Know the difference between hard vs. soft credit inquiries

man sitting at his kitchen table looking at his laptop checking his credit
July 25, 2017 | Maggie Jenkins

You’ve worked hard to get that essential three-digit number known as your credit score to where you want it, and now you want to keep it that way. And since you understand how your credit score is calculated, you know that credit inquiries (aka credit pulls) are one factor in determining it.

What exactly counts as a credit inquiry? What are the different types? And when can you expect each one to occur? Keep reading to find the answers to these important questions.

Hard vs. soft credit inquiries

Two kinds of inquiries can occur on your credit report, hard inquiries and soft inquiries. While both types enable a third party (i.e., your lender or employer) to view your credit report, only hard inquiries can negatively affect your credit score.

A hard credit inquiry occurs when a lender checks your credit report to make a lending decision. Hard pulls can slightly lower your credit score and typically stay on your credit report for two years.

A soft credit inquiry occurs when a person or company checks your credit report, like when you check your credit score – which you can do for free via Alliant Online Banking, with your VantageScore credit score updated quarterly – or a mortgage lender preapproves you for a loan. Although soft credit pulls can happen without your permission, they don’t affect your credit score.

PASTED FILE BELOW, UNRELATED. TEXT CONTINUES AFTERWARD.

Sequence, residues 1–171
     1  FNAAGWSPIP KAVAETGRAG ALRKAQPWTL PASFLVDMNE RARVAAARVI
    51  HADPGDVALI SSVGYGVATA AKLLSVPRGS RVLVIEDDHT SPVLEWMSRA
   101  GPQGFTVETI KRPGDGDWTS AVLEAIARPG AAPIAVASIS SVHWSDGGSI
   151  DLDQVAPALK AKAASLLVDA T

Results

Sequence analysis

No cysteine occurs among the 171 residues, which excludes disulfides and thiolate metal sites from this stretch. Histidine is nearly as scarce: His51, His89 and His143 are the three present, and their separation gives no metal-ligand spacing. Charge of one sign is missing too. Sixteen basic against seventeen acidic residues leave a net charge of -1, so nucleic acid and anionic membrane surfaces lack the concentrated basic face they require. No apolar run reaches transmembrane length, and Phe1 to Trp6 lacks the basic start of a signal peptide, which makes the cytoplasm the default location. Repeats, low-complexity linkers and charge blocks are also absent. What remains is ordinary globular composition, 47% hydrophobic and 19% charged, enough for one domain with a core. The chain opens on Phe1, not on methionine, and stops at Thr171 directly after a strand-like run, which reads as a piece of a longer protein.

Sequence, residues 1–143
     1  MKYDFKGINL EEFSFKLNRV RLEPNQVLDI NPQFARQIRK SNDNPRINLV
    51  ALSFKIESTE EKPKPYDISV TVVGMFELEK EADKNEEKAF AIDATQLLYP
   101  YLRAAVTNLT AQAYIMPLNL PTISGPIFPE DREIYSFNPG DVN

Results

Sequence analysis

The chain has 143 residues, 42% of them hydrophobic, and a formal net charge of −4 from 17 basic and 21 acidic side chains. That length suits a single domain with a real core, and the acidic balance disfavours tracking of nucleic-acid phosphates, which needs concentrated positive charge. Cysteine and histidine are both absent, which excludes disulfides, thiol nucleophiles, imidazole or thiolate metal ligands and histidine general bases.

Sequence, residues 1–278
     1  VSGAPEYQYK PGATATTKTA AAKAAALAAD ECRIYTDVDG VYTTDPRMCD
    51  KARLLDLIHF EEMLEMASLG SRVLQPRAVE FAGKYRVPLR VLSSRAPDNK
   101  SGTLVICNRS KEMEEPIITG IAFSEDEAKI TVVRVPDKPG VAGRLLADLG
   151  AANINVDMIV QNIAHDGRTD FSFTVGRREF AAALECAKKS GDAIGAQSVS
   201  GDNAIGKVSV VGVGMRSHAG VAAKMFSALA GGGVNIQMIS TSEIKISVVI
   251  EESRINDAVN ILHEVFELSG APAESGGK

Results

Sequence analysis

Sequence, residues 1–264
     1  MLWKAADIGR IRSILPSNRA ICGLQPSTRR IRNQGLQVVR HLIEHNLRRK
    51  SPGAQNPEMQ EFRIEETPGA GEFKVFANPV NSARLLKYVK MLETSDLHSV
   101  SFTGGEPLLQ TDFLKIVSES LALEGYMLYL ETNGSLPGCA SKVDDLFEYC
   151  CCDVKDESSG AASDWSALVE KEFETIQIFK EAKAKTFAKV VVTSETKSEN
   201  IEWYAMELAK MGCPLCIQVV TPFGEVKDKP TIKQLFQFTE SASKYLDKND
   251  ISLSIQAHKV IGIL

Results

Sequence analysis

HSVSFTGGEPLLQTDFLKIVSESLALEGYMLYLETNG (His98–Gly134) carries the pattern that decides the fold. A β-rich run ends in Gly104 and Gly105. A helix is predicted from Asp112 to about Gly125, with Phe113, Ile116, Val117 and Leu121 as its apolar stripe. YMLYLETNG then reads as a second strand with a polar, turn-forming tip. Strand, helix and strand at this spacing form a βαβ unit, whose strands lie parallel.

Note: If you’re rate shopping for the best deal on a car loan or mortgage, be sure to stay consistent and work quickly. Credit bureaus can usually tell that you’re comparison shopping, and they’ll typically give you a short window to finish shopping before combining multiple similar inquiries into just one hit on your credit report.

Guide to hard vs. soft credit inquiries

This chart, based on Alliant’s practices, can help you figure out what type of inquiry will be placed on your report:

Hard credit inquiry Soft credit inquiry
Applying for credit card Preapproval for credit card, mortgage or loan
Applying for a mortgage Background check by an employer
Applying for an auto loan, business loan, student loan or personal loan Checking your own credit score
Requesting a credit limit increase Opening a checking or savings account
  Applying for an Alliant membership

Financial institutions’ practices can vary slightly, and other situations that might require a credit inquiry include applying to rent an apartment, opening a new cell phone contract or renting a car.

Bottom line: If you’re not sure whether an action will require a hard or soft inquiry, just ask! Your credit score could depend on it.

Maggie Jenkins is the PR and Social Media Specialist at Alliant. She began her career as a journalist for newspapers in Utica, N.Y., Des Moines and Cincinnati before moving to Chicago in 2009. Maggie is a six-time Chicago Marathon finisher and a lifelong creative writer with a passion for comedy. Her mom instilled in her a great sense of fiscal responsibility, and her big sister told her to throw that responsibility out the window every once in a while in the name of life experience. So far, that combination of financial advice has worked out pretty well for her.

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